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DCF Model in CD ROM for Valuation: Designed to help you Measure and Manage the Value of Companies (Wiley Finance) CD-ROM – 17 Jun 2005
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From the Back Cover
VALUATION DCF Model, CD–ROM FOURTH EDITION Updated spreadsheet models compatible with Excel 2004 Contains models and reports for valuing projected performance Model completes computations automaticallypromoting error–free analysis Valuation, Fourth Edition, CD–ROM is filled with expert guidance as well as a valuation model developed by McKinsey′s own finance practice. The Valuation DCF Model contains preformatted financial statements and analytical reports for evaluating performance and valuing projected performance using both the enterprise DCF and economic profit approaches described throughout Valuation, 4th Edition. The model ensures that all–important measures, such as return on investment capital and free cash flow, are calculated correctly so that you can focus on analyzing a company′s performance instead of worrying about computational errors. The model follows the three–period forecast methodology, comprising five years of detailed forecasts, ten years of summarized key driver forecasts, and a continuing value period. With this companion CD–ROM as your guide, you can use the Valuation DCF Model to value real companies, in real–world situations or to practice the art and science of valuation in the classroom.
Most helpful customer reviews on Amazon.com
I gave the CD product 4 stars, instead of 5 stars, because I felt that:
1) The PDF instructional manual on using the model is woefully inadequate.
2) There were a few serious errors in the model.
3) The model took the easy way out on a lot of difficult valuation items.
1. The PDF manual is woefully inadequate. Reading it, you think the model is self-explanatory, but it really isn't. You have to really study the numbers to understand what assumptions the model wants you to make. In this regard, the book is marginally helpful, the examples in the book is slightly more helpful. In many cases, I had to turn to other valuation texts to figure out a few things.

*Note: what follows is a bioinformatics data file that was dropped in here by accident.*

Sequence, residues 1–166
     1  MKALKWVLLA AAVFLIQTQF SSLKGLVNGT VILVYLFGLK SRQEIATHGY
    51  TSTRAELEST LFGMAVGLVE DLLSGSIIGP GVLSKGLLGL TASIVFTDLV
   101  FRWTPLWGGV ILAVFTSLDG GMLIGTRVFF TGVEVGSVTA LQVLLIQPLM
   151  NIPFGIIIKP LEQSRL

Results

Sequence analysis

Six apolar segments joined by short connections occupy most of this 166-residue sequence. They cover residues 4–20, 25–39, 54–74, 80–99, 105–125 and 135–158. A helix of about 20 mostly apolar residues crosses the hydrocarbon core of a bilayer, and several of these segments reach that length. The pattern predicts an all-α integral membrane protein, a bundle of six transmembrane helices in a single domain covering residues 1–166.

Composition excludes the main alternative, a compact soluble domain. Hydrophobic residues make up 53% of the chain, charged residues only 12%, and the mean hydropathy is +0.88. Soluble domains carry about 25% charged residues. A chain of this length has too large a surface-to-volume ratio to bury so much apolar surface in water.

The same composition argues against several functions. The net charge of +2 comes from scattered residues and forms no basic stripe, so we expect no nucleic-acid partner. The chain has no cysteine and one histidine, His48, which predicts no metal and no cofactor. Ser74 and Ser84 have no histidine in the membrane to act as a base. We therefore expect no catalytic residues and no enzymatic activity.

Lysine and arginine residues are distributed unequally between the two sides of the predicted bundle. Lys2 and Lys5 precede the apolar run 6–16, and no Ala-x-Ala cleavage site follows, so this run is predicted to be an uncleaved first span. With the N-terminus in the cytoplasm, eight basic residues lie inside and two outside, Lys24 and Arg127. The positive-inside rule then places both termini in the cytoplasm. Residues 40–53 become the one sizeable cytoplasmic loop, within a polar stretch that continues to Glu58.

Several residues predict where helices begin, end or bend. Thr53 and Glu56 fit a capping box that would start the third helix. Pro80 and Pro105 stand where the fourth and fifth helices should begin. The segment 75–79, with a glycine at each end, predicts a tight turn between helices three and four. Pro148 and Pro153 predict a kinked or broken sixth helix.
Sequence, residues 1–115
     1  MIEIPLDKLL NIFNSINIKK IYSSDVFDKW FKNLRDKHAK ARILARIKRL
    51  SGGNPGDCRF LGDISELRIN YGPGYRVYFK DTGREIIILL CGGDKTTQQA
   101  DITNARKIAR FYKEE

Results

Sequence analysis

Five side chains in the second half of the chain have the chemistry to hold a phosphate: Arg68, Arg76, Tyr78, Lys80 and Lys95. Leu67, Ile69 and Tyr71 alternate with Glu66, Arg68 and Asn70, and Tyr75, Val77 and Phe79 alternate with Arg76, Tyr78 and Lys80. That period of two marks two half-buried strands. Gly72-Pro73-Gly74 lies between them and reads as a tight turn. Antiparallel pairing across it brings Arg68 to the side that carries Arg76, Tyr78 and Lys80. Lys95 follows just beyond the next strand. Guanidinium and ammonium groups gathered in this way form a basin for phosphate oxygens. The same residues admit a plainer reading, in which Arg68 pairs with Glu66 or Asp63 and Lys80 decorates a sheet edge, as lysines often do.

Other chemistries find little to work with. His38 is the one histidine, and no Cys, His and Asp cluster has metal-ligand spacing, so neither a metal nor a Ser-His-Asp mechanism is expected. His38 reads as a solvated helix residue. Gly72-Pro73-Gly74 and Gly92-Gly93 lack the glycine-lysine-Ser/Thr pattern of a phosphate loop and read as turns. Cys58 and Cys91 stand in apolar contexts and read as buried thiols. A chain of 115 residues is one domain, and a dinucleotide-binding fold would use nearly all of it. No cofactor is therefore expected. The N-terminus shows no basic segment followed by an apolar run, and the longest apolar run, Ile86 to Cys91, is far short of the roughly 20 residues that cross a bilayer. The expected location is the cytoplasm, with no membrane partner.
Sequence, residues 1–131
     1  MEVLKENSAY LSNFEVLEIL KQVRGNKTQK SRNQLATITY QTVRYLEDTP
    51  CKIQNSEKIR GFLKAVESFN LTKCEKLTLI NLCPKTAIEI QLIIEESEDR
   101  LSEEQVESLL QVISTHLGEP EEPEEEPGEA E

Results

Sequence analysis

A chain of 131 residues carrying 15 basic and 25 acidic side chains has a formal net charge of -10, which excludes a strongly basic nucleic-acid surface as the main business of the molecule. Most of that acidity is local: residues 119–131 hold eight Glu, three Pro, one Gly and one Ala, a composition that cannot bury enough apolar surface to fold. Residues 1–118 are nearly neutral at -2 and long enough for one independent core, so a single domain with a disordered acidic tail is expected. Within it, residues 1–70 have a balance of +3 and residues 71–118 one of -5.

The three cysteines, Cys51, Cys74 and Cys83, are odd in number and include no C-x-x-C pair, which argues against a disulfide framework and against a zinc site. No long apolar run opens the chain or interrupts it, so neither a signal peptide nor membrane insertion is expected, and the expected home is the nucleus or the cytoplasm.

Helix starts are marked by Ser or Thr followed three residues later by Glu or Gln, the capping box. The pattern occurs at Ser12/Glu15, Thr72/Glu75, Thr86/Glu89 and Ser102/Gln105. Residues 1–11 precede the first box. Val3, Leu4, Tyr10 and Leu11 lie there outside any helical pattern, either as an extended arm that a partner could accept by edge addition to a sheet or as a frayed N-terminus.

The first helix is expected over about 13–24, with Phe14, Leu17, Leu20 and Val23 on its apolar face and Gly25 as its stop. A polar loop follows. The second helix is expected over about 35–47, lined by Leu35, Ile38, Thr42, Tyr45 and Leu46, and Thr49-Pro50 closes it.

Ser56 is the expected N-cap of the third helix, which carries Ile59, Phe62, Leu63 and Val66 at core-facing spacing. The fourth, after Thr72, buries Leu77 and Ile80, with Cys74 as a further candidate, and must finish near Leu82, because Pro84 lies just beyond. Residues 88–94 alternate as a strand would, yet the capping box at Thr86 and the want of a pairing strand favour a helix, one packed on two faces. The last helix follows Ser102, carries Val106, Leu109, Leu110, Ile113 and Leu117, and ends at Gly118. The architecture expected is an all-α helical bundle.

2. The model is for the most part, error-free. But I did catch two calculation errors that I will share, so that others can avoid the pain. First, in the Forecast Drivers tab, there is a data row called Capex. It looks back at the optional Capital Expenditure line as an off-balance sheet item in 'Historical Data.' This is inconsistent with the book's data driven approach and specification that CapEx = change in Net PPE + Depreciation. You may want to recorrect the Capex formula to specify this. Why the model asks us to manually specify the Capital Expenditures in Historical Data, I have no idea.
Another error I saw is in the Results tab. In the Ratios section, there is one called 'Enterprise value / EBITA'. If you look at the formula, it points to EBIT. You need to correct this by having it point to Reported EBITA.
3. I think the model takes the easy way out on a lot of the most difficult items. For example, the book advocates treatment of R&D as a capitalized asset, and yet the model excludes this entirely. The book advocates dealing with the market value of debt, but the model just incorporates the book value of debt. The model leaves as an entry item the value of the lease as a balance sheet item, when it you could easily just as well incorporate extensions to model this. This is the same for options, convertible debt, customer receivables, unutilized/discontinued assets, etc.
Basically, the book is aggressive in advocating a firm estimation of operational value, NOA value, and Debt/DE claims, but the model is much less ambitious.
This does not make the model useless. It's a great data-driven model. It just requires the user to build sophisticated extensions to deal with the most complicated parts. At the same time, this is no cheap model. They are probably making lots of money on it. I would have expected the folks at McKinsey to provide extensions to handle the most complicated aspects of valuation, in addition to the core items.
Whilst the model on the CD is fine for valuing non-financial companies, I HAD ALREADY DOWNLOADED IT FROM THE NET FOR FREE. Furthermore the CD didn't include a model for valuing banks - I'm going to have to build a new one from scratch.
In other words, I've paid a fortune for something I had already got for free. Ironic then, that the model comes from a leading consulting company (McKinsey)...what's the saying about consultants charging a fortune to tell you things you already know (or in my case sell me things I already OWN).
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